Dakota, an American Hero

November 2, 2011  

A pit bull serves her country during the Space Shuttle Columbia recovery mission

By Kris Crawford

On Saturday Feb. 1, 2003, the world watched with horror, sadness and tears as seven astronauts aboard the Space Shuttle Columbia perished, a mere 16 minutes from home. This tragic loss elicited grief that orbited the earth.

As the world mourned, a massive recovery effort was underway to recover debris scattered across eastern Texas and western Louisiana. In addition to the shuttle debris, a recovery effort was launched to recover the remains of the astronauts of the Space Shuttle Columbia.

My pit bull search dog, Dakota, and I were chosen and deployed by FEMA and NASA on Feb. 3, 2003, to Texas as part of the elite task force sent to search for astronauts Michael Anderson, David Brown, Kalpana Chawa, Laurel Clark, Rick Husband, William McCool and Ilan Ramon.

We were there for 10 days and the pressure to perform flawlessly was incredible. We had a duty to bring our astronauts home; to provide closure for their families and to our nation.

Dakota, who was certified in live find, cadaver and forensic evidence search, was hand picked by both FEMA and NASA for this mission because of her proven search skills, professionalism in chaotic situations, her never-quit attitude, and also her humor and charm. What was also significant was that, at a time when pit bull bans were popping up across America, our government chose a pit bull to search for American heroes!

Dakota Gets to Work

The day we arrived in San Augustine, Texas, it was pouring rain with high winds and temperatures in the 30s. The search dog teams arrived in two vans, and as we gathered our gear and our dogs to unload, we could hear the crowd, the other searchers, the state troopers, the FBI, the NASA officials and more standing outside in the rain saying things like, “There are those special dogs that are going to find our astronauts.”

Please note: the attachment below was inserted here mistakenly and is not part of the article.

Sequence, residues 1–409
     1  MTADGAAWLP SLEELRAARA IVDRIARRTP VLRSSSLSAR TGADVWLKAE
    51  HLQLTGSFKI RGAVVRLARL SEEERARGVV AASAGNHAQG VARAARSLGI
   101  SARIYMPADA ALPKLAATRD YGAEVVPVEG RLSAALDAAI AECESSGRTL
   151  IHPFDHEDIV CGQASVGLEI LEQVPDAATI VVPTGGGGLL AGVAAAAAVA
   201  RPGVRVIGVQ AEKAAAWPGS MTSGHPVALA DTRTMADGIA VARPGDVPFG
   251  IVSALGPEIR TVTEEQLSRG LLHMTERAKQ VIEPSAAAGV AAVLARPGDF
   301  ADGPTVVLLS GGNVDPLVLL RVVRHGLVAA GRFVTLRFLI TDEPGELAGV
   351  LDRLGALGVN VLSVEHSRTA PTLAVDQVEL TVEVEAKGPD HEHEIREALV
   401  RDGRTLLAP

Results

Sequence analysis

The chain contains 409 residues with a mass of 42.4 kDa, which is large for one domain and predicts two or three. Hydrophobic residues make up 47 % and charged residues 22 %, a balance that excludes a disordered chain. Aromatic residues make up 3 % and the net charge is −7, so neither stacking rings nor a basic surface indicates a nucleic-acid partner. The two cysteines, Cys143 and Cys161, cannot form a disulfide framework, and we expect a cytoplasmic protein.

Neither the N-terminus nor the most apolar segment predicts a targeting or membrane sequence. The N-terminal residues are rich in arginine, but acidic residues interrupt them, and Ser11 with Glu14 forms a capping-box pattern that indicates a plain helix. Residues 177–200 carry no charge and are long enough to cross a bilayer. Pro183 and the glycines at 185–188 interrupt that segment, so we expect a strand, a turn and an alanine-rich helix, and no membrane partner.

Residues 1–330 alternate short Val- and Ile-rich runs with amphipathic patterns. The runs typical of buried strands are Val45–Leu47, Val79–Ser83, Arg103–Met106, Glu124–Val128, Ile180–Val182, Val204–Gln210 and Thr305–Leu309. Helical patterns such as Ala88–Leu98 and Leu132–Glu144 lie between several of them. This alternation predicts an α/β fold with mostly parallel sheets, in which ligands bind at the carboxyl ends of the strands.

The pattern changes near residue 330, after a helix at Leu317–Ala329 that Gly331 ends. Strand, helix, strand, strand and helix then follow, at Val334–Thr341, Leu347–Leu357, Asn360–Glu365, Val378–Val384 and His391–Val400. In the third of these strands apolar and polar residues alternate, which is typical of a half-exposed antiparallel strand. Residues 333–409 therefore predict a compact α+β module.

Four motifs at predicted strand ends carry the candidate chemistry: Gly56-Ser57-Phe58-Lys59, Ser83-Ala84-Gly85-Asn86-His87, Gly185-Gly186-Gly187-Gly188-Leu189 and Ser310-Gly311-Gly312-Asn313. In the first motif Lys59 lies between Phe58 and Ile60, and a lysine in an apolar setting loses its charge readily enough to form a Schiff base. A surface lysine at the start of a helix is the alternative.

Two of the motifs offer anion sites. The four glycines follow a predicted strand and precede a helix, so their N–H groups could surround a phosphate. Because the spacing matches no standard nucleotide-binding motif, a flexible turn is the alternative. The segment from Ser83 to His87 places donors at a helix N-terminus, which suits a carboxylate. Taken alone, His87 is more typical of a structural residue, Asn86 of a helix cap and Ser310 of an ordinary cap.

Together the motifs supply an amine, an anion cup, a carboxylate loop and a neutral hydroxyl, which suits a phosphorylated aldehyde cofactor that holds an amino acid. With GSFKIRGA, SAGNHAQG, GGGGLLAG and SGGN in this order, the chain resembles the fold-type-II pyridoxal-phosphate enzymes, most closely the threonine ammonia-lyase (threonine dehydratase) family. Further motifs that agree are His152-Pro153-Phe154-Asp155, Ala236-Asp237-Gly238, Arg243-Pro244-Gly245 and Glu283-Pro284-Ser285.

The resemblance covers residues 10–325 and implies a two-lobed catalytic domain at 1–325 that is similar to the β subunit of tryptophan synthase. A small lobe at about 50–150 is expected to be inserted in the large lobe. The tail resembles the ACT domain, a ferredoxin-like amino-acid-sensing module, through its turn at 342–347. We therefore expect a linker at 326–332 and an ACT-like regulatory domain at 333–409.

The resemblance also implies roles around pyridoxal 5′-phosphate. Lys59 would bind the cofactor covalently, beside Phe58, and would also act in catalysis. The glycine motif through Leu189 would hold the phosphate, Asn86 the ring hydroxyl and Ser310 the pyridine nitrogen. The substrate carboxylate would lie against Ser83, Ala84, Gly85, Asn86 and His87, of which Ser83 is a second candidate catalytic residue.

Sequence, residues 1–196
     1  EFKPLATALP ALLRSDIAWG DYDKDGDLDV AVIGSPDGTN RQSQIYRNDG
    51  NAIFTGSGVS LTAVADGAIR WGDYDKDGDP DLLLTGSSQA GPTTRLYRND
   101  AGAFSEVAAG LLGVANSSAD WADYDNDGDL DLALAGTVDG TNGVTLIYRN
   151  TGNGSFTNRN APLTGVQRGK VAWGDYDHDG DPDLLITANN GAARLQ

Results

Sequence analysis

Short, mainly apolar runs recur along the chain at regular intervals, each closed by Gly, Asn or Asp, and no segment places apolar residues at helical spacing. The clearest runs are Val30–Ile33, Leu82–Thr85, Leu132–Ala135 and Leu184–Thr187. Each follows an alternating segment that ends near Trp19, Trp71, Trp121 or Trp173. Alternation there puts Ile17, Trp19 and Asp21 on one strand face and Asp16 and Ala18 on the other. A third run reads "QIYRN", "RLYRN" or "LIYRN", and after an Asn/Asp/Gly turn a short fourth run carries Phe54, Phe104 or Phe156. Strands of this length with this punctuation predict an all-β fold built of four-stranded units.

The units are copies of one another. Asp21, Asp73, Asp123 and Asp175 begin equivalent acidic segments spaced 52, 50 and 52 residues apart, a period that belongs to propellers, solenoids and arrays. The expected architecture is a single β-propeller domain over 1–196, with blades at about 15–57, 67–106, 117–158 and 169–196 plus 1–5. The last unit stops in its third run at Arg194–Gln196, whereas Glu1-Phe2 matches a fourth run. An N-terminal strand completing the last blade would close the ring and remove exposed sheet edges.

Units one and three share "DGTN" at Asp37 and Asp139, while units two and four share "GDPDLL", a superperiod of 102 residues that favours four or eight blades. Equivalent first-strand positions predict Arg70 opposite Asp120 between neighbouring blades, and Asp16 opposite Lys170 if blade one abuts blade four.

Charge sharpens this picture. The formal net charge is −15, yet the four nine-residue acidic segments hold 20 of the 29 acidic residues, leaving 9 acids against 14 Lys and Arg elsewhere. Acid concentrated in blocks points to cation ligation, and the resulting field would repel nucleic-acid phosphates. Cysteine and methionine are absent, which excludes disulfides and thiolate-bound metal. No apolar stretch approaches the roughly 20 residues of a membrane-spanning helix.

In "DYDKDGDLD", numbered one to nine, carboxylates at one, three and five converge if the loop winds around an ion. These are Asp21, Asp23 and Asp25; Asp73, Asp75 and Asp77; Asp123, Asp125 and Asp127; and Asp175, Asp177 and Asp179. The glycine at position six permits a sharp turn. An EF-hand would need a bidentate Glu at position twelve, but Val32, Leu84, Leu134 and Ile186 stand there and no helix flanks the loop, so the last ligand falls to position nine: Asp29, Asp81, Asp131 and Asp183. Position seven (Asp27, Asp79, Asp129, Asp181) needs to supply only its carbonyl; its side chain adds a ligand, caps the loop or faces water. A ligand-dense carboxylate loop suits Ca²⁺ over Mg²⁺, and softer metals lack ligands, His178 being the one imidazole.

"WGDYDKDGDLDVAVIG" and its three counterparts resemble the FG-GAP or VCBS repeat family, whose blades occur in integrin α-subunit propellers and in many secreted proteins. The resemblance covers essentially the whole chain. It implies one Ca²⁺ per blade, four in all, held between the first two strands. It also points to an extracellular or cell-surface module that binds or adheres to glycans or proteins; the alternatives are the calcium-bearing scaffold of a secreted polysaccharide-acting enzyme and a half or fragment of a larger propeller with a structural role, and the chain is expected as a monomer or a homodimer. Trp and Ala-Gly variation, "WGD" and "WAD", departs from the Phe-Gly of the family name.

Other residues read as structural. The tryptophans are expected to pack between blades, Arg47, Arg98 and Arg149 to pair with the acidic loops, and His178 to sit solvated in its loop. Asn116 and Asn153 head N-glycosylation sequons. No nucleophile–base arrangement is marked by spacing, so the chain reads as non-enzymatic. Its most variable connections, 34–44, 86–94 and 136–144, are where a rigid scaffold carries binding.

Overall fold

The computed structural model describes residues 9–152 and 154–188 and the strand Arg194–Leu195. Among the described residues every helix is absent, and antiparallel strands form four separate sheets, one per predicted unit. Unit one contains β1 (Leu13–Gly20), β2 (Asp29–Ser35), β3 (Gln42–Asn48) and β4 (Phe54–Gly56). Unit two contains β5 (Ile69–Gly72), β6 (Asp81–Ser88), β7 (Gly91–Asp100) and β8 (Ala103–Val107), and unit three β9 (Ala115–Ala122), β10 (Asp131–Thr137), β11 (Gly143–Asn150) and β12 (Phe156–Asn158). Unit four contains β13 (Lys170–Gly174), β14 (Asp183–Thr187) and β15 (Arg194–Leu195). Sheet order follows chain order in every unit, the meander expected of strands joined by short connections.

When I unloaded Dakota from the van, I heard several gasps and a lot of voices saying, “Take a look at that – it’s a pit bull!” A large crowd gathered to see the pit bull search dog. As Dakota and I walked to the K9 staging tent, the crowd split in half to let us by. “That can’t be a pit bull; she just got out of a van with five other dogs in it!” and “That can’t be a pit bull because she’s too friendly!” and even, “That can’t be a pit bull because they are only used for fighting!” I heard them all.

On the fifth day that we were there, Dakota and I had been in the field searching for several hours on an assignment in the cold, rain, sleet and wind. When we returned to the K9 search team staging tent, we were both shivering. As we began to huddle together around the propane heater, I heard someone walk into the tent. It was a NASA astronaut who also had been out searching all morning. He walked in and went past everyone to get to an empty chair, way in the back corner of the tent. He sat down, bent over and buried his head in his hands. A few moments later I could see tears dripping from his hands. Dakota saw this too. She immediately got up from her warm cozy place in front of the heater and slowly walked over to him. She gently slid her golden brown head under his arms and gave him a big kiss on the lips. He put his arms around her and just hung on and cried.

Dakota and her big wet kisses became very popular with everyone in San Augustine. Every morning people would stop at the K9 staging tent to greet Dakota and get their daily kiss. Those that searched with us would come back and tell everyone how tirelessly Dakota worked in the field. By the end of the first week, people were making requests to search with the pit bull search dog!

Honoring Our Heroes

Dakota not only showed everyone there that she was as good, if not better, than all the other dogs there, she also showed the world that, with hearts as strong as their muscular bodies, pit bulls can be productive members of society. One year later, at NASA’s anniversary memorial, Dakota was recognized and honored for her service.

Those of us that went on this deployment have memories that we will never forget. We trudged through pastures, forests and swamps, battled brambles, thorns, high winds and freezing rain. We became witnesses to a horrible tragedy. But we also witnessed the best of humanity as thousands of people came together in those awful conditions for a common goal – to bring these American heroes home.

On Feb. 1, 2003, seven heroes fell from the sky, and a pit bull was called to serve our nation: mission accomplished.

This account of Dakota’s work during the Space Shuttle Columbia recovery was originally posted at For Pits’ Sake.

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Comments

3 Responses to “Dakota, an American Hero”
  1. DaniGG says:

    Happy tears for Dakota. Thank you.

  2. Raiders says:

    Case name: Kristine R. Crawford Case number: SM341062ACharges:001 PC 508/487(A) 01 PC 17 002 PC 508Violation date: 09/28/2004PC487(a) – 1997.487a.

    PC 17 – Codifier for felony/misdeameanor.

    Criminal case docket information is publicly available. For copies of criminal files and related court records:

    San Mateo County Courts

    Superior Court Southern Branch

    400 County Center, 4th Floor

    Redwood City

    650-363-4302

  3. Adrienne Clegg says:

    Thank you for sharing Dakota with the world.